from the same

Annales 212

source. Under these conditions it is more satisfying, from a logical point
of view, to make use in the fundamental hypotheses only kinetic considerations,
allowing only notions of time, space and electric charge.

I will admit therefore that any electrified point emits at
each instant and in all directions fictitious particles, infinitely small,
animated by the same radial speed *c*
at the origin and conserving their uniform motion, no matter what bodies they
meet¹; the ensemble of particles emitted at instant *t'* by a (Oeuvres 373) mobile point P' at coordinates *x',y'z'*, functions of *t'* will form at each subsequent instant *t* a sphere of radius

The center of the sphere, which continues to move with
a velocity *v' = v'(t')* that was P' at
instant *t'* has for coordinates

The equation for the sphere will therefore be

If *x',y',z'*
are known functions of *t'*, we will
deduce from these two equations the instant of emission *t'* of a wave which reaches a given point P, of coordinates *x,y,z* at the instant *t*, or, which according to I, amounts to
the same, the radius *r* of the sphere
it forms at the instant and which is

¹ The modern theory of
dispersion and Lorentz's theory have this same hypothesis; the change of the
speed of light in different media appears then as the result of interference
and complex resonance phenomena.

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given by

In Lorentz's theory, and in choosing a system of fixed
coordinates in relation to the ether, we would have, on the contrary, the
following equations:

The new hypothesis introduces a complete symmetry *when the two points P, P' are each animated
by a uniform speed: r in this case will be the real distance between the points
at the instant t.* Two waves emitted simultaneously by P' and P will arrive
(Oeuvres 374) simultaneously at P and P'. It isn't so in Lorentz's theory, and
the consequence will be that in the case of a measurably uniform movement,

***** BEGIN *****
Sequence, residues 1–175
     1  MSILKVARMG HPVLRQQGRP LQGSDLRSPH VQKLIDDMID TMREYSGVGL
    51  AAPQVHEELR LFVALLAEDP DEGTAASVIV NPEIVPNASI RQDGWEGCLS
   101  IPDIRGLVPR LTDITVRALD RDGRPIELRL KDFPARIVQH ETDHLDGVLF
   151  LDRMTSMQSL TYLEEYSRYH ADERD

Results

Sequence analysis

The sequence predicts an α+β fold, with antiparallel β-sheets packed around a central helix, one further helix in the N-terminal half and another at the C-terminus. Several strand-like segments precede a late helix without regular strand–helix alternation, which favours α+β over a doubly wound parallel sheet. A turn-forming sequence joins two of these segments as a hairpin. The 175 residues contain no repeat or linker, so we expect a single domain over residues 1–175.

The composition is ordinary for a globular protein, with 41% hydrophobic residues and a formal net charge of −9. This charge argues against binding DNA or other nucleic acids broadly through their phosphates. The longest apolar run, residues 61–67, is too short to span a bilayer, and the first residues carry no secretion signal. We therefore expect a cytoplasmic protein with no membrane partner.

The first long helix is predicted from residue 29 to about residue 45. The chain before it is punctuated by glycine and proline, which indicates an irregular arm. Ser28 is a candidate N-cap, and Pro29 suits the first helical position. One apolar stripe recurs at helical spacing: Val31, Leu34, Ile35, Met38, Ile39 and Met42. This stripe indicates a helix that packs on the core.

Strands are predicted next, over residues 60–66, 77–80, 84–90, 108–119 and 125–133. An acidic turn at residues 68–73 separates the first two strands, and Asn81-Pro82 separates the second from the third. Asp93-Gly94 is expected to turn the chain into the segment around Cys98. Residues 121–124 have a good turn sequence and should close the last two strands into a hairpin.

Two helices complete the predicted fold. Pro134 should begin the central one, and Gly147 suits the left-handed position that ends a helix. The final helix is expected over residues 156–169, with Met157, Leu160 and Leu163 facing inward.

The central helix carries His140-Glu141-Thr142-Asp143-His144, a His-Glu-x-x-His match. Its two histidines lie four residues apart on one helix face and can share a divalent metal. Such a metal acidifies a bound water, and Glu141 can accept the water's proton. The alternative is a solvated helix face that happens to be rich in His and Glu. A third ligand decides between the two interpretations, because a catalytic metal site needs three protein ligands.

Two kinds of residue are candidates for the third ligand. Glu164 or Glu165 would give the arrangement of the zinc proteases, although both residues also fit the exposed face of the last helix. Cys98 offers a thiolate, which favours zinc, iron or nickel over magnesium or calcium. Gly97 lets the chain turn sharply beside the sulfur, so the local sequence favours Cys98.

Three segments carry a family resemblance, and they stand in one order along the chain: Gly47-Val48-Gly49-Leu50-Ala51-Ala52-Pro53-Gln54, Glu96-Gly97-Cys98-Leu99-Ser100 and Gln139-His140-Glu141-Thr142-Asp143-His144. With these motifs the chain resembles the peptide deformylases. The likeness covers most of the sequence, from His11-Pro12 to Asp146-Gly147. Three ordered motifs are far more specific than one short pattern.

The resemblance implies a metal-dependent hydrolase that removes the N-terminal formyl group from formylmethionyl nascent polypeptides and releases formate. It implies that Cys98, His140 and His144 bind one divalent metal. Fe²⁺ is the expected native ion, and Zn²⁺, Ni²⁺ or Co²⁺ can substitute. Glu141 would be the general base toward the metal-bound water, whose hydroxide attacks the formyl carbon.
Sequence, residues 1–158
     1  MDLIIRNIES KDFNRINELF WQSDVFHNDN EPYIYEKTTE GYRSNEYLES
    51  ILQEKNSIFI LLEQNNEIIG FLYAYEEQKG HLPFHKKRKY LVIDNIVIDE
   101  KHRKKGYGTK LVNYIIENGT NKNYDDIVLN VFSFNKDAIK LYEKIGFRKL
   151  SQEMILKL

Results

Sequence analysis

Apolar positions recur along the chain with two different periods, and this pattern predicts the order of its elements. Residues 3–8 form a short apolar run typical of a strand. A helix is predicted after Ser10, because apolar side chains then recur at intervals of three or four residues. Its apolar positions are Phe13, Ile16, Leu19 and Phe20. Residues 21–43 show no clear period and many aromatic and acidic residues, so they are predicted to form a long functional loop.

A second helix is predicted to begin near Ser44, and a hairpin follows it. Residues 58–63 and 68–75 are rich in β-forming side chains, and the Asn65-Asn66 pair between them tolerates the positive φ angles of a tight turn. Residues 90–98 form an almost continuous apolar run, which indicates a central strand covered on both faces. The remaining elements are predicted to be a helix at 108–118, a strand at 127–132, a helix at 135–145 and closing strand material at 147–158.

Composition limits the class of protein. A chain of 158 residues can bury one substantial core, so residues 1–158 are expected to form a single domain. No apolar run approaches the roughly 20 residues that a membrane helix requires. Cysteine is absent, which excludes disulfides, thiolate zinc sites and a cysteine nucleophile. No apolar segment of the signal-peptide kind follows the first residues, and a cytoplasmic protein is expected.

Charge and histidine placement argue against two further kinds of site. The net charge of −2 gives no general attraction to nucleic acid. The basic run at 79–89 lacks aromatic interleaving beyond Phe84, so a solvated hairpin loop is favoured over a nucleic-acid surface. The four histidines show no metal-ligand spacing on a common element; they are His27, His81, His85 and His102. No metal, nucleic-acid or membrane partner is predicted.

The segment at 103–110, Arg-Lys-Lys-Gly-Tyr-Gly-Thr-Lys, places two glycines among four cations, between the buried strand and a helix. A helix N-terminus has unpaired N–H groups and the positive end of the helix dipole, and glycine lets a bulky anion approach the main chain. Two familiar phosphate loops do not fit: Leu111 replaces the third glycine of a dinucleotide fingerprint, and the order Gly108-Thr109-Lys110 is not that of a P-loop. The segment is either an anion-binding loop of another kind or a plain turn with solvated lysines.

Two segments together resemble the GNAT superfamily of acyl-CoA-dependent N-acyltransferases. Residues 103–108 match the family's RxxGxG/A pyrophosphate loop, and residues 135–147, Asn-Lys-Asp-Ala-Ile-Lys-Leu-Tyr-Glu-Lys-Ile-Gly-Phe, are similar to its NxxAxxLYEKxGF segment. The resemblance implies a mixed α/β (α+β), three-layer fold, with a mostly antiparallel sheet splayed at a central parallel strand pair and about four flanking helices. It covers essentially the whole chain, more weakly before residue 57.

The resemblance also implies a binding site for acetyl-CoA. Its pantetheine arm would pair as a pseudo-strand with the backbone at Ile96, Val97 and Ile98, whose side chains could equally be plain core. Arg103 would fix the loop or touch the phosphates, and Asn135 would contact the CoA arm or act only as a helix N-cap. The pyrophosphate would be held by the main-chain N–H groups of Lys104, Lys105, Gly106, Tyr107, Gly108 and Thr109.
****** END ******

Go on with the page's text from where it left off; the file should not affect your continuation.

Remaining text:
where radiation is consequently nil, our theory will lead to the equality of
action and reaction, which isn't the case in Lorentz's theory. It is only when
there is no longer this identity of instants of emission that this principle
will have to be modified, which besides is easily conceived.

Let's observe again that, if P' is animated of an
oscillatory movement and if the distance PP' is sufficiently large, it will be
possible that waves started in instants where the speed P' had different values arrive simultaneously at P as a consequence

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of the difference of their speeds of propagation; in practice this case will
be presented only in optics. In Lorentz's theory P' must take at certain
instants a superior speed than that of light so that an analogous phenomenon is
produced.

If _{} are the
accelerations of points *xyz, x'y'z'*,
and if moreover

_{}

are the components of the relative speed of the point P(x,y,z) and the
center C of the sphere emitted by P' and reaching P at *t*: if the motion of P' is uniform, it will be simply the relative
speed of P and P'.

The vector *r*, of
which the components are

_{}

is, as we have seen, the line joining P' to P, where P' would be if its
speed had remained constant in magnitude and direction since the instant of
emission

_{}

(Oeuvres 375)
this vector is directed from P' to P and we have

_{}

The relative velocity *U*
of particles emitted by P', in relation to P, has for components

_{}

its square is

_{}

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its projection on r is

_{}

The *relative*
position and motion of the sphere and of the point P are in fact determined
when we take *r, u*_{r} and *u*^{2} or, and this is the same*, r, U*_{r}, and *U*^{2}; there is no combination
of vectors *r, u*, independent from the
absolute position in the space, which could not be expressed by these three
quantities.

We can notice also that, for an observer placed in P
and participating in the movement of this point, the ratio of the normal
distance of two successive positions of the sphere, divided by the time *dt*, which corresponds to the speed of
propagation of the wave for this observer, is precisely *U*_{r}.

Finally, if we admit that the number of
particles emitted by a charged center during a period *dt'* is proportional to its charge *e'* and to *dt'*, the number
of particles located in an element of surface *dS* of the sphere will be independent of the position of this
element and proportional to_{}. If two spheres emitted at *t'* and *t'+dt'* are at the
normal distance *dn* at the point *xyz *at the instant *t*, we will have

_{}

(Oeuvres
376)** **The number of particles
in the element of volume *dSdn* is then
proportional to _{}, and the density *D*
is _{}, where *ca*
means the universal factor of proportionality. Since *r=c(t-t'),*

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we finally have therefore

_{}

The equation
(II) defines *r* as implicit function
of the variables *x, y, z, t* when the
motion of P' is given. We have, differentiating it,

_{}

from whence

_{}

so that it comes to

_{}

and, likewise, to terms of the
nearest superior order,

_{}

The derivatives of *r, *D with respect to* x, y, z*
introduces therefore the accelerations.

Considering *x, y, z* as functions of *t*,
the formula should be noted

_{}